Sunday, October 26, 2014

The Heart Machine: Movie Review

Romantic drama that's running on empty.

The Heart Machine is a romantic drama thriller. One that is entirely driven by one thought; one part of a plot where characters are minimal and supporting characters and storylines are nonexistent. Cody (John Gallagher Jr.) is an awkward love-struck man in Brooklyn who’s in a long-distance relationship. Virginia (Kate Lyn Sheil) is his Skype girlfriend living in Berlin. Or so she says. She might be lying and Cody’s starting to suspect that she’s actually in New York. 2014

Directed by: Zachary Wigon

Screenplay by: Zachary Wigon

Starring: John Gallagher Jr., Kate Lyn Sheil

The film is Cody’s search for Virginia in real-life. He’s determined to figure out where she’s living and who she really is. And that’s the whole movie. We do see Virginia’s side to the story, but we don’t learn anything else about these characters other than their relationship personas – Cody’s obsessed and Virginia lies. However, the film did handle that well. Just like Cody, I too wanted to know where Virginia’s living, what she’s lying about and then what’s going to happen.

The atmosphere was appropriately creepy. There was an uneasy feel to the music and a trepidation with every step the characters took. I liked being one step behind them, but after awhile there’s a nagging suspicion that you’re not actually going anywhere and that you’re taking this pointless, precarious walk with strangers because you really don’t know these characters after all. And that is indeed the problem with this otherwise engaging and unique independent film.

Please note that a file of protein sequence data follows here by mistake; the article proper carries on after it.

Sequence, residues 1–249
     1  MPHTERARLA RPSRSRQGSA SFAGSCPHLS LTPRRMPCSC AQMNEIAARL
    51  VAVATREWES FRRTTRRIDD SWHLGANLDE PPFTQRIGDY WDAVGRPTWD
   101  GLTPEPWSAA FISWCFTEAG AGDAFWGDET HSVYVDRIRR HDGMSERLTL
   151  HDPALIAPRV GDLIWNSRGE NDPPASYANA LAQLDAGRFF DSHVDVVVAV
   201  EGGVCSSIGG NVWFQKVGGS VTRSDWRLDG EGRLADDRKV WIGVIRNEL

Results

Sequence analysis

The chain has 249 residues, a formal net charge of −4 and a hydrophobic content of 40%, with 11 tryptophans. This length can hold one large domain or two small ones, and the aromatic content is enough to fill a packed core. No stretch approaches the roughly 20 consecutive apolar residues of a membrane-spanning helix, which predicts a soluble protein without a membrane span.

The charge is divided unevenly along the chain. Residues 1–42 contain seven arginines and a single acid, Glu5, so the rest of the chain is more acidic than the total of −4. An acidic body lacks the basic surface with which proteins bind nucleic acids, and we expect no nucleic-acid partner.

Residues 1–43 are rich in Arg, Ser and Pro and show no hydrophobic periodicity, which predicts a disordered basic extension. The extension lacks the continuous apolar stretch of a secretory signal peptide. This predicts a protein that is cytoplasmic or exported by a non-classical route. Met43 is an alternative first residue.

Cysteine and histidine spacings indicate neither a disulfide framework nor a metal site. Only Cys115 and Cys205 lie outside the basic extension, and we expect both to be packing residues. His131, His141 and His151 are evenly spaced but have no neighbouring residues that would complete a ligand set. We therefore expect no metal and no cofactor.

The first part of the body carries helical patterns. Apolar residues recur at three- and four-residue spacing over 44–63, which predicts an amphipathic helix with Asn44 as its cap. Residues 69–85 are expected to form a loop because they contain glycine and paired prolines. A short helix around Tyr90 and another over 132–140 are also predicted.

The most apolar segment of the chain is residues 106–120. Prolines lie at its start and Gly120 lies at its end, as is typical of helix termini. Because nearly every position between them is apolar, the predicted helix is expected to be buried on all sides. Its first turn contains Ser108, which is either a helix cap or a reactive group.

Cody’s determination to uncover Virginia’s lies turns into out-and-out obsession and he makes some very questionable decisions – let’s describe it as unsociable – in his attempt to track down Virginia’s whereabouts. Virginia herself is a lying, hedonistic tramp who has no clue how to have a relationship. As perfect as they both think they are for one another based on their online relationship, neither one of them deserve the other person. This would be the perfect example of a dysfunctional relationship.

The characters just became too far removed from relatable and compelling people that interest is lost in them. All that’s left is the hanging question of what is Virginia up to? The answer is very anticlimactic compared to the thriller and mysterious tone suggested earlier. It’s a very fitting ending and captures the coldness of everything that came before, but it can be hard to like.

The bareness of the film becomes a bit of a detriment after the characters repel us from the plot, but there certainly is an engaging and interesting thread that gives the film its very unique and independent feel. The Heart Machine keeps on running but the lack of love suggests this heart is running on empty.

Similar Titles:

The One I Love (2014) - One part reality, one part mystery, one part love.

The Best of Me (2014) - The worst of Nicholas Sparks.